What strikes me as being very peculiar is that for a government obsessed with stats, data, charts, performances tables and league tables when it comes to smearing local authorities, bullying schools, advancing the Academy and Free School policy and dismissing maintained schools, it shows a reluctance to publicise them when data collated and assessed works against them and reveals that not only is the Academy policy still questionable but that Academies do not perform better than non-Academies.

British school children are one of the most tested in the world. The excuse is that this relentless probing is going to raise standards. Better exam results are apparently behind the imposition of rigid and authoritarian discipline in many Academies, such as appropriate haircuts, no contravention whatsoever of the school uniform, absolutely no touching and no talking during lunch. In one Hackney Academy, a boy was forced asked to remove his gloves and then given a detention because they were the wrong colour. He spent the day with his hands frozen, so I suppose the school thought it more important to impose its will than to keep a child warm. Children with Mediterranean parents find it unnatural that you aren’t allowed social touching or talking when sharing food. Perhaps British children do too.

Finland, a nation that is consistently at, or near, the top of PISA tables hardly test at all. Education in the tiger “nations” – Shanghai, Singapore, South Korea – has traditionally been based on a far greater emphasis on rote learning but even in China there is a move towards a more creative system of teaching and learning. In none of these top performing nations are the results of a school published in order to punish them either by showing they do less well than a neighbouring school, or putting them on a hit list for closure. Test results are used, not to punish or reward teachers as they are in the US, but for the school to assess how best to teach the children under their care.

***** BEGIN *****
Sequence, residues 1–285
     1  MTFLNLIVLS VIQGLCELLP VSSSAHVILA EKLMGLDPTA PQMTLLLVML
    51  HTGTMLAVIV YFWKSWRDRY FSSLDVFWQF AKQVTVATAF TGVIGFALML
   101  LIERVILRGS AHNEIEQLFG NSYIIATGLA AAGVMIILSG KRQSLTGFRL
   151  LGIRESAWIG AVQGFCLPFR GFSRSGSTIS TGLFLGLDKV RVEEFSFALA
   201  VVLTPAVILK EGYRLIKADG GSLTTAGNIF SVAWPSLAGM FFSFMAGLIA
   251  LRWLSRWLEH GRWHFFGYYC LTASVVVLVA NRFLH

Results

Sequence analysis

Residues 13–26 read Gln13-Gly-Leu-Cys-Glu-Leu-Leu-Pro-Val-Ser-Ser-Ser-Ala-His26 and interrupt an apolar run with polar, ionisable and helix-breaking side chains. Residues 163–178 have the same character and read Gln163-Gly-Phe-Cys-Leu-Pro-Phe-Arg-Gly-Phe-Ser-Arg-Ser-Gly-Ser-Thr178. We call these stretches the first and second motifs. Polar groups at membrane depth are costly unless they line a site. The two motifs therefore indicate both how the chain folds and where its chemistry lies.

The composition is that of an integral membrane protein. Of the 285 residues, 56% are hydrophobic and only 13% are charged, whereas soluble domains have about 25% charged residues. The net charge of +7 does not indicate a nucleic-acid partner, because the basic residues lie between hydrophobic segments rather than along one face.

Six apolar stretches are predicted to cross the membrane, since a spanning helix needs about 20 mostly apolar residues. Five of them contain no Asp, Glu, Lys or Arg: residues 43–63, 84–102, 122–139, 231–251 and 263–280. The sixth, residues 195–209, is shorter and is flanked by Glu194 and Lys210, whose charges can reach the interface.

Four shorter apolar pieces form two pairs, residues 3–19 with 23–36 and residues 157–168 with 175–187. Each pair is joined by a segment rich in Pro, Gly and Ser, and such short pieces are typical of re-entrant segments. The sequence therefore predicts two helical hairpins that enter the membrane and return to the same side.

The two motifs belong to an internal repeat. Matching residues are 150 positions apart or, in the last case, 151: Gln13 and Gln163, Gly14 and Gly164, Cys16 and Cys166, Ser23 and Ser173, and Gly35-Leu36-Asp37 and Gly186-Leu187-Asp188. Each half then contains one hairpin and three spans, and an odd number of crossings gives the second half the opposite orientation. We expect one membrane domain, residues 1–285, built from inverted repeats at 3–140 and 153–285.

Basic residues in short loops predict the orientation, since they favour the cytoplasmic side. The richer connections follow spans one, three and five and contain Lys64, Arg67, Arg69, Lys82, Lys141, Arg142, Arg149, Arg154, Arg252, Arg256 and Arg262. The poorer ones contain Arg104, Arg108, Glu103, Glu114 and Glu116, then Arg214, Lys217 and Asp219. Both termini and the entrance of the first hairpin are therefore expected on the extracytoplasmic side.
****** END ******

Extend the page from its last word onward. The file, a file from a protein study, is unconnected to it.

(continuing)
When schools success is measured solely by statistics, data, and tests, we run a very high risk of dubious practices being introduced into the system and we have already seen some of these in action – the handing over of Downhills Primary School in Tottenham to the Harris Federation, whose founder is a Tory donor; less able children being “nudged out” or excluded (bad “behaviour” being the official reason) from Academies; Covert or even overt selection, such as Free Schools right to amend the Admissions Code and even cheating, as illustrated by the case at the end of last year when two examiners were secretly filmed briefing teachers at paid-for seminars, during which they gave advice on exam questions and the exact wording pupils should use to obtain higher marks.

Those of us who do not believe that results and tests are the only measures of judging a school’s performance might therefore be uncomfortable with Henry Stewart’s brilliant analysis of figures published by the DfE showing that Academies do not outperform non-Academies. But why should we be uncomfortable with this comparison, when all it shows is that the schools favoured and coerced into greater numbers by the government are not outperforming the type of schools the government is trying to dismantle?

It is Gove’s policies which have encouraged unhealthy competition. The virtually unfettered Academy programme has been both the flagship and the symbol of the supposed superiority of the Academy and the failure of the Comprehensive. Henry’s analysis is not a “play-them-at-their-own-game” shaming of Academies but it is a challenge to the government to explain why they have consistently and unfairly misrepresented the superiority of Academies and ignored the achievements of non-Academies.

The government is keen on using results, statistics and charts to manipulate public opinion when it suits them, but it seems that when their own data calls into question their policies or their rhetoric, they are less than willing to rise to the challenge.